It turns out that a few minutes later, a paddy wagon was spotted at the nearby Molapo Crossing Mall – which is just a rocket launch away from Westgate. That was at precisely the same time that a cash-in-transit truck was collecting cash from some shops at the mall. According to an eyewitness account, the police officers (a Sergeant and an Assistant Superintendent) “sort of appeared” to be accompanying the truck. The former was driving and the latter toting an AK 47 and both sashayed around the mall as the cash-in-transit crew collected cash.
Circumstances of last Wednesday’s incident may be completely different but paired with what happened at Westgate and Molapo, there is a pertinent question to ask: can BPS handle the historic security challenge that it is confronted with? Another question is as pertinent: when police officers sashay up and down aisle-catwalks slinging rifles as fashion props, who besides ordinary people, is also watching and taking notes?
The current spate of armed robberies has put everybody involved in an unusually difficult position. Security companies are lobbying the government for the right to arm their guards with guns powerful enough to repel robbers. This seemingly reasonable request is itself fraught with its own set of problems. Firstly, it would increase the number of people in the country with access to guns and resultantly, increase gun crime. Secondly, one too many security companies underpay and hideously exploit their guards. This exploitation has quite considerable time depth. If these guards add new capability to their resumes – handling different types of weapons – and their level of occupational hazard goes up, they would have to be adequately compensated. As stated though, most security companies have a problem paying fair day’s wages for fair day’s work. Thirdly and as a result of the latter, some guards may use their newly acquired gun knowledge to turn to armed robbery in order to improve their personal living conditions. Some senior officers in the BPS share the latter viewpoint.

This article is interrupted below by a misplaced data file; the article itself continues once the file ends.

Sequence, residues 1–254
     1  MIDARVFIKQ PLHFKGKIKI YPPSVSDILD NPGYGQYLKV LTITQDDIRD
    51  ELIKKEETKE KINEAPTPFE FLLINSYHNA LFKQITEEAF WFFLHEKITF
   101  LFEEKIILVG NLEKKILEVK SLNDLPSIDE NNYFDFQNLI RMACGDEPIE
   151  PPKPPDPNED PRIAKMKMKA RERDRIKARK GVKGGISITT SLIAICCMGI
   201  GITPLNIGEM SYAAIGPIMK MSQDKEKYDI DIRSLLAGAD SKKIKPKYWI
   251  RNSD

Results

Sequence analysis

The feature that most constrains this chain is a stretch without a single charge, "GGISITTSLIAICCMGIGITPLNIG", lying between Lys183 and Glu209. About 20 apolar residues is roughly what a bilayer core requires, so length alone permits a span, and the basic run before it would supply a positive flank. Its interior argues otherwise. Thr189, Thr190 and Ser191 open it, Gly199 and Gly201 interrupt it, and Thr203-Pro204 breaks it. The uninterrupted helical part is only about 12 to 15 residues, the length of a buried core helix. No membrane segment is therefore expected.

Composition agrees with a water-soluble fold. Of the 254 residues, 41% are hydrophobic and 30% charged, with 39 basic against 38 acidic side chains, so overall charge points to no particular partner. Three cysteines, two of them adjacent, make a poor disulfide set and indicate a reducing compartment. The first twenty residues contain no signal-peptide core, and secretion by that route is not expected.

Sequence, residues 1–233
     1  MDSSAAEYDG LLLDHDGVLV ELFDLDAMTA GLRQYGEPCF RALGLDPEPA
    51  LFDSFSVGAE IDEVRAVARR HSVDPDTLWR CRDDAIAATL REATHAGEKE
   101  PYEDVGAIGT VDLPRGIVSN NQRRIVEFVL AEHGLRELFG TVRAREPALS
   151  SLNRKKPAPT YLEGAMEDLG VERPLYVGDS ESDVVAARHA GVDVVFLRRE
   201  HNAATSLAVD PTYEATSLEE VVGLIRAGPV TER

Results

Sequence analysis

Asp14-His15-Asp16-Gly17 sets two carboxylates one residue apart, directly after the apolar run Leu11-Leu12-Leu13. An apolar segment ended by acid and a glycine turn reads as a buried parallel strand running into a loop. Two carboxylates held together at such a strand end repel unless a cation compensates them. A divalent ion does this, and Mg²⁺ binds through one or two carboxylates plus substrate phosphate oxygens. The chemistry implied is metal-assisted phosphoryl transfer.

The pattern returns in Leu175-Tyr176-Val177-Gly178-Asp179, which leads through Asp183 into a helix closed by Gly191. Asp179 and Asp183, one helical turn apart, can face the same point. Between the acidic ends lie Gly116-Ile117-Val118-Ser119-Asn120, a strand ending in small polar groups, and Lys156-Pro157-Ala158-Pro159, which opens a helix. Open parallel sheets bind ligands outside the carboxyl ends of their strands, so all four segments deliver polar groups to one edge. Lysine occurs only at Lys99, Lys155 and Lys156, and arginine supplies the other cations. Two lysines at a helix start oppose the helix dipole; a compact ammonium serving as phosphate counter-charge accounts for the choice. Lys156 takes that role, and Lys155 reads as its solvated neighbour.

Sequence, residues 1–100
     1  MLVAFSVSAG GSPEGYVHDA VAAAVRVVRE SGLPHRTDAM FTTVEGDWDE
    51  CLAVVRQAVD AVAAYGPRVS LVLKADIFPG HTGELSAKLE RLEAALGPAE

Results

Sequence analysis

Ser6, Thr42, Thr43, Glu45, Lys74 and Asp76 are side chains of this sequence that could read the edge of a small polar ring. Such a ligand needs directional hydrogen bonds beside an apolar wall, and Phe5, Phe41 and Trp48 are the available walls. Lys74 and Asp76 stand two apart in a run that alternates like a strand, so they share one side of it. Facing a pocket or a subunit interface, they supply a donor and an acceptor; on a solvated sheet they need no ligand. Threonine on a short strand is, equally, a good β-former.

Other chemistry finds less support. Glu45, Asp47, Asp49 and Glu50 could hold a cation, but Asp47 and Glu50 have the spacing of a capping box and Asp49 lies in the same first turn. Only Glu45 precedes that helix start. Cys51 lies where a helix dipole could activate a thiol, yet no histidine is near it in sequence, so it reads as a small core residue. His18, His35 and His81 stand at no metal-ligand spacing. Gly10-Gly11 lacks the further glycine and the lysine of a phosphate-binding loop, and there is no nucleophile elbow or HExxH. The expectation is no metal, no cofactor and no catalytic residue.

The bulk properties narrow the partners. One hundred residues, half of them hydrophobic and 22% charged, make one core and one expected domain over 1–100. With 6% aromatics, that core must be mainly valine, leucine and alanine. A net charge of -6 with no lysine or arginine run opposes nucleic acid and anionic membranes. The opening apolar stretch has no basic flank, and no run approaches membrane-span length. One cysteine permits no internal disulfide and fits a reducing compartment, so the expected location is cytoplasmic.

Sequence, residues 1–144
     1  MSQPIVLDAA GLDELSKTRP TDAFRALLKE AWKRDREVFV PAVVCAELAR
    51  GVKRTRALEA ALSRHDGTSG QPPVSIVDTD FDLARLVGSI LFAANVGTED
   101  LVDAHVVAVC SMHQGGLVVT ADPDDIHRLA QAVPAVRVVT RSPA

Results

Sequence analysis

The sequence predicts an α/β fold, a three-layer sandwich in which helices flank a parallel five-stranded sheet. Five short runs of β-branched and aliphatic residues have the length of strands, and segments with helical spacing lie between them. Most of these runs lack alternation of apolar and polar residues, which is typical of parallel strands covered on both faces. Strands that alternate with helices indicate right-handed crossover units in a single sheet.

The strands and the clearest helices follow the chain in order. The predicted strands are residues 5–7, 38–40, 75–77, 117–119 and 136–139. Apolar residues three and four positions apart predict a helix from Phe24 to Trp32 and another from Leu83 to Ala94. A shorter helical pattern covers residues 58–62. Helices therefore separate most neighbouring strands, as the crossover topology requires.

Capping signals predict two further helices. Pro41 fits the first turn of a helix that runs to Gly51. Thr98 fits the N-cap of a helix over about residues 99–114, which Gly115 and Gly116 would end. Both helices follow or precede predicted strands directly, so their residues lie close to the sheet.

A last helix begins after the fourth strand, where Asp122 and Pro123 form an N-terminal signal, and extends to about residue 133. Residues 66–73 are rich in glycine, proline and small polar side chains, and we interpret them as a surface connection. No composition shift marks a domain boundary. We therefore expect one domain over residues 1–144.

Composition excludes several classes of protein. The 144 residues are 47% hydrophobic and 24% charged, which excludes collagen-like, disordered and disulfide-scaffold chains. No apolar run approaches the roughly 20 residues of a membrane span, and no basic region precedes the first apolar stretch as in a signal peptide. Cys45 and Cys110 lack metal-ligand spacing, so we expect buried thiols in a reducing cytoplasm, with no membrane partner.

BPS (as its officers) also find itself in an unenviable position. In protecting the money of businesses targetted by robbers, BPS is itself losing huge sums of money on fuel expenditure for its vehicles that escort cash-in-transit trucks. Dedicating resources for this special service – which mostly benefits the wealthy – takes away scarce policing resources away from other members of the community, especially the poor. This happens in the middle of a global medical emergency that has forced the Service to cut its own expenditure. Robbers are after money and have never really considered the unarmed cash-in-transit crews to be any sort of obstacle.
At least when they are not themselves robbed of their guns, police officers who escort these crews are an obstacle and are viewed as such by robbers. A police officer says that government’s decision to use police escorts for cash-in-transit trucks has effectively “made us targets.” What makes the latter description even more valid is that some of the robbers are from South Africa where an encounter between robbers and police almost always leads to shoot-to-kill gun battles.